Heart devices and swimming pools: a new angle on pool safety

 
By Laura Mize • Published: August 20th, 2013
Category: Health in a Heartbeat
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When you hear the words “pool safety,” you may think about drowning prevention or ensuring your kids don’t crack their skulls diving in.

But a team of cardiologists reports another danger: malfunctions in electrical heart devices. The doctors presented information at a conference this year highlighting several cases of pool-related problems for people with implanted heart defibrillators.

Defibrillators keep the heart from beating too fast, essentially preventing heart attack. They do so by monitoring the heart’s electrical current and sending corrective electrical signals as needed.

The doctors suspect electrical currents from pool lights or other pool systems may leak into the water, disturbing defibrillators. In some cases, the heart defibrillators actually shocked the wearers. In others, the devices ignored the extra signals but made a record of the interference.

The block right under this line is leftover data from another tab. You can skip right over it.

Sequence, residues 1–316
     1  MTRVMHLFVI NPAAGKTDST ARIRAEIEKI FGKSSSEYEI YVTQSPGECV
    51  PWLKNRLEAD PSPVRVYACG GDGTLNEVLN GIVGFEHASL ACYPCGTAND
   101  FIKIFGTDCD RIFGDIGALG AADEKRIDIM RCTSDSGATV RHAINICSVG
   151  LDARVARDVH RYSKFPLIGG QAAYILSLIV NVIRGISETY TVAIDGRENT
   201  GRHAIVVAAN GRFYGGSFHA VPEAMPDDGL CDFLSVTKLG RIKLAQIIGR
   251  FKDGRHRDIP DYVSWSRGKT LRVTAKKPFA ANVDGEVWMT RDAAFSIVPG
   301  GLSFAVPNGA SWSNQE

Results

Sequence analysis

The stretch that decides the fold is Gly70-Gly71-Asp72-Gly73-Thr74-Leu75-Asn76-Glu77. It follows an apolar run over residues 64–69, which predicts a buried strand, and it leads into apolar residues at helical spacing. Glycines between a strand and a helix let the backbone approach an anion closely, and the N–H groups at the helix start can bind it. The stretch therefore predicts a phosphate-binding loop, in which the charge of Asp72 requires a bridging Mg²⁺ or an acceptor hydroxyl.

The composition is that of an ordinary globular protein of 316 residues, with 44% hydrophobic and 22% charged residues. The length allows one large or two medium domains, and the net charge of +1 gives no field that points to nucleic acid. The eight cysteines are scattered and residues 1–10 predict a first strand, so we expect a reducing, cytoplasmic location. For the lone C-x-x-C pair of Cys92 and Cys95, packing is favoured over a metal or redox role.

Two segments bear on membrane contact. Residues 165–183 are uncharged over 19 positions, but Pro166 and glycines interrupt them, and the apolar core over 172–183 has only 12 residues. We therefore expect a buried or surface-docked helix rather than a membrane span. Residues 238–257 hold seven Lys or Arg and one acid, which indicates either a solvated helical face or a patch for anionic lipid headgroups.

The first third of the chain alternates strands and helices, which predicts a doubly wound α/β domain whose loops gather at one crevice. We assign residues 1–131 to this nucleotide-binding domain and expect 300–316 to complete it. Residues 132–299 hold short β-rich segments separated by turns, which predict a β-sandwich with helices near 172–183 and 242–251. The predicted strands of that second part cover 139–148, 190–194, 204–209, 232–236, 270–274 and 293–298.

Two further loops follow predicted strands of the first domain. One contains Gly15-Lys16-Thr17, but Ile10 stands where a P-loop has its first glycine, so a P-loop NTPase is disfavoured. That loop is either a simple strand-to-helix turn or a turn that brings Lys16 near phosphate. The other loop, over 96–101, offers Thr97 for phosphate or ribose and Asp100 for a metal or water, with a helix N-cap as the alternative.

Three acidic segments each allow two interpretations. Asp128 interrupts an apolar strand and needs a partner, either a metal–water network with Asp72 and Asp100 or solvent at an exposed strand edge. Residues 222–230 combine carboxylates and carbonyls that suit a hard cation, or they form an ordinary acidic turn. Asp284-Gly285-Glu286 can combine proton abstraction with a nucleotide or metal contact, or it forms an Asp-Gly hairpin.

All of the reported cases involved defibrillators, but pacemakers may have the same issue. Pacemakers use electricity to speed up a too-slow heartbeat.

Only a few cases of the swimming pool/heart device phenomenon have been reported. The experts say they suspect more cases have occurred, but the problem is probably not widespread. And while it’s important for people to be aware of these incidents, there’s no need to panic. Experts are not saying, for example, that people with a pacemaker or implanted defibrillator have to stay out of swimming pools. And swimmers in the ocean or another large body of water shouldn’t face the same danger.

There’s no guaranteed way to prevent electrical leaks in pools, but owners should look for obvious problems. Systems that are not grounded properly or old may pose more risks for everyone. If you have a heart device, assess whether you want to swim in pools, and try not to worry. Enjoy Labor Day weekend, summer’s last hurrah.